Friday, July 21, 2006

Toyota's low profit is interesting

I bought a Toyota Camry a couple of years ago and it is a great medium-large sedan. It is economical to run and reliable. If fuel prices ever fall, and one of my stock market speculations proves more than a bit profitable, I would like to buy a Toyota LandCruiser and tour outback Australia. Toyota has a good market image in all types of vehicle markets and indeed sold a record 214,072 vehicles in 2005/06. It exported 71,748 vehicles and earned export income of $1.3 billion on this.

But overall Toyota made a net profit after tax of only $54.9 million (down from $70.8 million last year) on sales of $7.6 billion representing a return on sales of only 0.7%. Toyota claimed there was a sales slowdown because of increased petrol prices but its sales volumes performed well. Of course there was strong price competition from other local assemblers. Toyota also claims that the low profits reflect large capital expenditures of $420 million in 2006 compared to $176.8 million in 2005 for production of a new model Camry and the V6 Aurion salon. I will cjheck with my accounting colleagues but I thought large capital items would not be written off as quickly as this.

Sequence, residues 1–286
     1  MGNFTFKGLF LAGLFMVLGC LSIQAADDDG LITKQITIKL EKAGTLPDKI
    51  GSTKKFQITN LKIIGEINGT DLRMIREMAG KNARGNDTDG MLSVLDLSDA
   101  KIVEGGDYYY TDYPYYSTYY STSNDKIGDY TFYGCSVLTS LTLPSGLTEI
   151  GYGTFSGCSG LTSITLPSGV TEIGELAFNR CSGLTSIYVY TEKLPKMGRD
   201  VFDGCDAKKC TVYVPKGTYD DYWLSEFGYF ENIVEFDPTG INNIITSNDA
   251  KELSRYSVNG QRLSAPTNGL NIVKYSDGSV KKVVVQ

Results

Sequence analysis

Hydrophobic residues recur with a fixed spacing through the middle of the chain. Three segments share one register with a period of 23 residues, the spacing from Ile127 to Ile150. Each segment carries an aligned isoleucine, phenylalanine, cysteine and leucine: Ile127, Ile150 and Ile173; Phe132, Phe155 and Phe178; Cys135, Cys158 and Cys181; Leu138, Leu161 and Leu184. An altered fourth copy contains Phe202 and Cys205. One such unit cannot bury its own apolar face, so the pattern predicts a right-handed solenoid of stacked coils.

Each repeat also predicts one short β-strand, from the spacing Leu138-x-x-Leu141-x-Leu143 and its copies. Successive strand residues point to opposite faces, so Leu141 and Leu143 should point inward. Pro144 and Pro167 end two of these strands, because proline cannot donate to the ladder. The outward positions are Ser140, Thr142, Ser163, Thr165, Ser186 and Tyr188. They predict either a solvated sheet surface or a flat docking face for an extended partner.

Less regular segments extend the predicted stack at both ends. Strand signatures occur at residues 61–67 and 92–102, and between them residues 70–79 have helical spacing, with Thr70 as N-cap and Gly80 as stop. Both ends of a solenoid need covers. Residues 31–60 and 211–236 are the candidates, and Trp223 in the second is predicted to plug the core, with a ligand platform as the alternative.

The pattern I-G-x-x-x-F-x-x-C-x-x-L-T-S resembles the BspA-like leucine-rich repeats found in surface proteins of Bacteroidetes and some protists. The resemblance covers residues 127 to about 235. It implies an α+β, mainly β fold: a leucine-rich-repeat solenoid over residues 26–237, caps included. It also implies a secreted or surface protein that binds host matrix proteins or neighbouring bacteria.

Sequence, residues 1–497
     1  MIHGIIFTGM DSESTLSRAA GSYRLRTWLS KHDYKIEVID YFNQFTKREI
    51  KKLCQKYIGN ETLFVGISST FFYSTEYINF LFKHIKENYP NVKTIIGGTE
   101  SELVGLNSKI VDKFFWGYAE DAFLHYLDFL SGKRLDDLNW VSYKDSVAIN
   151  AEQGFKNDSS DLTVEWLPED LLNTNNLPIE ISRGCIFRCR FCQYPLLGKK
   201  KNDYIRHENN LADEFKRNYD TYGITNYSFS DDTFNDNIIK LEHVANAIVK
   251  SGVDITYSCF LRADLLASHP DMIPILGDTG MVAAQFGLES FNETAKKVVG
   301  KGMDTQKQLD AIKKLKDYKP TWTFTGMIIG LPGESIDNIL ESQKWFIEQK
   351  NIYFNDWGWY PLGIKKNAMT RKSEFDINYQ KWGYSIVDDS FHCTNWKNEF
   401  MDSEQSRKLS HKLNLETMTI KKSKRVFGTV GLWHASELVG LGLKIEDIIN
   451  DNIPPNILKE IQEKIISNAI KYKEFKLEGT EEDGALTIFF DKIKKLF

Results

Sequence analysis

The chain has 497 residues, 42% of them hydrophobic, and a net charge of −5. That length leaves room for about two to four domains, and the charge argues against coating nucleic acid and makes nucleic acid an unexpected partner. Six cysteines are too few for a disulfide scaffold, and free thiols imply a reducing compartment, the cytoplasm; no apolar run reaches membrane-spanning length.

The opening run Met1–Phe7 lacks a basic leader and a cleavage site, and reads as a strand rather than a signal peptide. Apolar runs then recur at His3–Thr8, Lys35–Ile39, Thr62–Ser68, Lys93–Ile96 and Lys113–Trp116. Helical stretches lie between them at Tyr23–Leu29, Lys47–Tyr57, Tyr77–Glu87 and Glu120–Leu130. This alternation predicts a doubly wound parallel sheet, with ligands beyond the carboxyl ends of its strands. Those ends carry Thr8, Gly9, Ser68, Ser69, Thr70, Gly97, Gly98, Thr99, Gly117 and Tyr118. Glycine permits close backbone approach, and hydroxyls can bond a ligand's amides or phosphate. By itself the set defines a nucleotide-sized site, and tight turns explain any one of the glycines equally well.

Toyota's low claimed profit figures have been challenged by the Australian Tax Office who, for several years have been pursuing claims of alleged transfer pricing of imported components for the Camry that allowed profits to be shifted offshore. At stake could be between $400 million-$1 billion in back taxes and penalties. In part such tax issues might vreflect squabbles between tax offices in Australia and Japan - with each party trying to maximise its slab of the surplus.

Also, recording low profits across the whole industry will be beneficial in maintaining high levels of protection paid as a production bounty to assemblers under the ACIS scheme. Tariff protection on locally produced cars has been substantially cut.

Toyota has been involved in transfer pricing claims in India and other countries. One interesting feature of the current Australian performance is that over 20065/06 the Japanese parent increased its global net income by b17.2% to $A119.9 billion. Of course Australia's sales would be a tiny part of this performance but they did increase strongly over the year.

Toyota would be a fascinating - and delightfully down-to-earth - case study for a PhD student interested in Australian industry economics and I would enjoy supervising such a project. Yes, this is advertising!

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